If success for the meeting looks like everyone knowing what everyone else is working on, that’s a recipe for wasted time. Instead, consider saying, “Success looks like a 2 minute update from everyone—we will use a timer—and you can request more time if you have an obstacle we can help you clear.” If 2 minutes is too short, adjust, but you see where I’m going with this. “Update” is too ill-defined for it to be a useful goal.

Bridge to Sanity.

If you find yourself moving down a rabbit hole conversation, sometimes a gentle redirect can return the conversation back to relevance and progress. I love phrases like, “I think the real issue here is…” Or “I’m thinking X might be the better question here….” These phrases can be very effective if delivered with kindness and not (you guessed it) impatience.

 
Gracefully Take it Offline.

“Let’s take this offline” has become a trigger phrase for people who are caught meandering. What I’ve found, however, is people can sometimes feel dismissed and disregarded to be told to “take it offline.” A better phrase could be, “The point you raise deserves more thought than we can give in this short meeting. Can we have a separate conversation about that, because it is important?” Just validating the importance of the issue can go a long way to making someone feel seen and heard, while keeping the trains running on time.

Think about the people/situations that most trigger you. What scripts might help you intervene with kindness, compassion and clarity?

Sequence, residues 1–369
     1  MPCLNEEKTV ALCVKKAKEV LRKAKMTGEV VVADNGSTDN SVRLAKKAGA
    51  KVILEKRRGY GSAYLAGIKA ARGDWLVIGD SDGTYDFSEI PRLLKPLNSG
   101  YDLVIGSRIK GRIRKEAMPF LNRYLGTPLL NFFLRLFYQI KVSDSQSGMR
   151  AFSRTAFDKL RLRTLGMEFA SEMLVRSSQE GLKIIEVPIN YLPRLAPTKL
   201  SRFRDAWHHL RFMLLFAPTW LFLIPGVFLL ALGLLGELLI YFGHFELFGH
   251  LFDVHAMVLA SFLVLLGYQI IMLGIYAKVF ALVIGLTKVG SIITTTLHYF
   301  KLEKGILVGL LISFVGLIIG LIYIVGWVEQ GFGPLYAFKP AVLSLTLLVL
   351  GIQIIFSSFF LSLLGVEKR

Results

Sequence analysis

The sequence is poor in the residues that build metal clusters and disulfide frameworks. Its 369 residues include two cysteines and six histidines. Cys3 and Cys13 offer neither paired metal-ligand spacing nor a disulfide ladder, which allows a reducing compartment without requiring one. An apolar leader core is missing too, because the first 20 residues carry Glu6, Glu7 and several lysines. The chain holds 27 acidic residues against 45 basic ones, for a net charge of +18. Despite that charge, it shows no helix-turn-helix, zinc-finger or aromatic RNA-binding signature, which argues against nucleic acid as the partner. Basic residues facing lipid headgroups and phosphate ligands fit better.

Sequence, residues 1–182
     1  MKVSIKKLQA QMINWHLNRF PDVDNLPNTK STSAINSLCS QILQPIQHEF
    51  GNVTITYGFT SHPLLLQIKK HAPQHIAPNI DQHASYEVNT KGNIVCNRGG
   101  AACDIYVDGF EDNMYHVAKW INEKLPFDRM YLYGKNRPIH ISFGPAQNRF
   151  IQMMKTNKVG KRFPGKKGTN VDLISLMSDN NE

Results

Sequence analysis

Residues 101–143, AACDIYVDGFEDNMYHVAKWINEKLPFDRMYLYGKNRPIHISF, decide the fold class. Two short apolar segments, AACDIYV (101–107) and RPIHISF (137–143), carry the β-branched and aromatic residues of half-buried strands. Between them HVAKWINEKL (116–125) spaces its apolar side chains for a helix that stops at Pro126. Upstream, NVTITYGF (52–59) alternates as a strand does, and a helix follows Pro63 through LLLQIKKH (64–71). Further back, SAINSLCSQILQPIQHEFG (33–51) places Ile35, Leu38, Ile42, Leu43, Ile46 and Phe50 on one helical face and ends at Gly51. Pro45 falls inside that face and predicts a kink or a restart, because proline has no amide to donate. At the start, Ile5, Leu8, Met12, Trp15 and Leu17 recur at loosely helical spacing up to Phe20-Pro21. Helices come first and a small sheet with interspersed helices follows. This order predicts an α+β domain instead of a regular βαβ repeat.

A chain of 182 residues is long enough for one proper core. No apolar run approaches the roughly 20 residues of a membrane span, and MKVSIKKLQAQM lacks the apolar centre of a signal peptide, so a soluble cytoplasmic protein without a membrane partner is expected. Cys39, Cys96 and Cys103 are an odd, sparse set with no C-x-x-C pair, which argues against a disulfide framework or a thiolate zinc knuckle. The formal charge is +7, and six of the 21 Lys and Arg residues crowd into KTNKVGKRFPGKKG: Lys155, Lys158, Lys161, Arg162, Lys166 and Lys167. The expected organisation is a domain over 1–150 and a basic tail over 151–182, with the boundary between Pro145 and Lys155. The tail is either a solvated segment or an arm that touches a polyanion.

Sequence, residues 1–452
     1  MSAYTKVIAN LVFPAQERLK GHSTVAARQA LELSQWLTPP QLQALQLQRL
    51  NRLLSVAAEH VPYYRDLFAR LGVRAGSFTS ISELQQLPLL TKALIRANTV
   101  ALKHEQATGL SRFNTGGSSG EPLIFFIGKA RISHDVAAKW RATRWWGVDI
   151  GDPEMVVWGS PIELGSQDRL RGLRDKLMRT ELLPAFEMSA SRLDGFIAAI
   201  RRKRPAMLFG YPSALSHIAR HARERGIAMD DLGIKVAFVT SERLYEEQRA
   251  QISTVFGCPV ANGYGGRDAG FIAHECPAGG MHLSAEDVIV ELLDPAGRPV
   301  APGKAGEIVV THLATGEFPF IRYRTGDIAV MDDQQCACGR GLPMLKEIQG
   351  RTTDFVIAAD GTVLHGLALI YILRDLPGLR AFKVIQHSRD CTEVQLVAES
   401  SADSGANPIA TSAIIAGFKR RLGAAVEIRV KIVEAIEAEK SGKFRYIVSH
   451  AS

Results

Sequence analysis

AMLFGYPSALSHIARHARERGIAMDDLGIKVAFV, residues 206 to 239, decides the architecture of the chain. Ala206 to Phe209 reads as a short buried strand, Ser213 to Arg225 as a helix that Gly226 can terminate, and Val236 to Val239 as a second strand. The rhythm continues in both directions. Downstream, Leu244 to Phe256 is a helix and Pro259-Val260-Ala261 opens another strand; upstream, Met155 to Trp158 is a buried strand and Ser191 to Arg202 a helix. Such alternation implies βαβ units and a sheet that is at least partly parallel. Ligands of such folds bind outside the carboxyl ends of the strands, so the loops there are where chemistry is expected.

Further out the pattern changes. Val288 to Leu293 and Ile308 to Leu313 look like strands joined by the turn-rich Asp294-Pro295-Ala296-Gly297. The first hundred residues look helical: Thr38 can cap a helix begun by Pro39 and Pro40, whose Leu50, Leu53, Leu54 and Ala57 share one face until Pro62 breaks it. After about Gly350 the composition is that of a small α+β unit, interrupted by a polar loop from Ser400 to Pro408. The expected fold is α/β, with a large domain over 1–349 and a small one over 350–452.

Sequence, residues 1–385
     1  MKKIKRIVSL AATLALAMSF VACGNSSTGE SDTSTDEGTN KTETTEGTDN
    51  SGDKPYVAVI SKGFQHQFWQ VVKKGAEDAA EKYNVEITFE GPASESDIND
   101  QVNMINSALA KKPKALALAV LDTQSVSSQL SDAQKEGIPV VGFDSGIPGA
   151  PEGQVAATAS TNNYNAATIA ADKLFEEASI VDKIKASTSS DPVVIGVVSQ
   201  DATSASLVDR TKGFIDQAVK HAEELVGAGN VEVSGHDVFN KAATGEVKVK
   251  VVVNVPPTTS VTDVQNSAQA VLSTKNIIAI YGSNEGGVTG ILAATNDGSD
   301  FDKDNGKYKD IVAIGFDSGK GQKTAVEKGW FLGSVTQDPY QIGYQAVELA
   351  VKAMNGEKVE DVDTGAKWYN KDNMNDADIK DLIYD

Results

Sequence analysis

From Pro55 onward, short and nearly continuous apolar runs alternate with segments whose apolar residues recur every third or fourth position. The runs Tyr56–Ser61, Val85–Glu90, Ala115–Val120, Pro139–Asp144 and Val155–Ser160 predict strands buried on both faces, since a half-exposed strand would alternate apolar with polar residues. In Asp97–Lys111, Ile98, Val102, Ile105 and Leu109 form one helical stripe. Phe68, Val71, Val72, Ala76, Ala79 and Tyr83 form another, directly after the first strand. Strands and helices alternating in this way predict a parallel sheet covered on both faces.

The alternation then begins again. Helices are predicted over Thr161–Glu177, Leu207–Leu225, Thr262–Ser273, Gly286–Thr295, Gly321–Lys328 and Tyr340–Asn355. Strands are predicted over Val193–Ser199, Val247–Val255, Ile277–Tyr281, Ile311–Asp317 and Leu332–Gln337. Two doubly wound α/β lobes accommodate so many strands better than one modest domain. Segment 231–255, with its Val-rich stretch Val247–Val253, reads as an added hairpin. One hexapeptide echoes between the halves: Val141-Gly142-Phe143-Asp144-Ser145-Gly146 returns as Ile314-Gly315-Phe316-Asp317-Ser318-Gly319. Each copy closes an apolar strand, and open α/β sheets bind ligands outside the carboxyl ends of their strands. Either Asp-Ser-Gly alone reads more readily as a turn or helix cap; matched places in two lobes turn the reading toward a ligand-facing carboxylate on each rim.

Beware of Your Ego and Remember Rule Number Six


Two prime ministers were sitting in a room discussing fancy, important matters of state, and twice they are interrupted—first by a rage-filled man, and second by a crying woman (it’s an old story, forgive the stereotypes). The hosting prime minister was able to instantly calm down both the angry man and crying woman by uttering one simple phrase: “Remember Rule Number Six.”
 
Amazed, the visiting prime minister says, “What is this Rule Number Six you speak of that seems to have such an immediately calming effect on these hysterical people??” The hosting prime minister replies, “It’s quite simple. Rule number six is: Don’t take yourself so damn seriously.” His guest replied, “Fascinating! What are the other rules?” The Prime Minister smiled, and said, “My dear friend, there are no other rules.”
 
Remember, whatever is driving you insane during that meeting really isn’t the end of the world.
 
You’re not that big of a deal, even if you are. Remembering this allows you to…

Breathe.

Just focus on a few inhales and exhales. Conscious breathing helps to relax that rising feeling of extreme impatience and frees you up to think rationally about how you might engage more thoughtfully in the conversation.

 
Listen. 

Sometimes our impatience can be a symptom of something deeper. It could be that we are so unaccustomed to listening to another person’s point of view, or honoring a different learning style, that we simply don’t know how to sit with our own discomfort and listen. And if you need to brush up on your listening skills, you’re in luck! I’ve just released a podcast episode on the art of Deep Listening, find it here.
 
I have found that the people who most often drive me insane are often also my greatest teachers.
 
So the next time you find yourself seething with annoyance, mentally check yourself.
 
You could be in the presence of your very own Yoda.
 
And as Yoda would say, “With me, you shall deal.”
 
Namaste, y’all.
 
B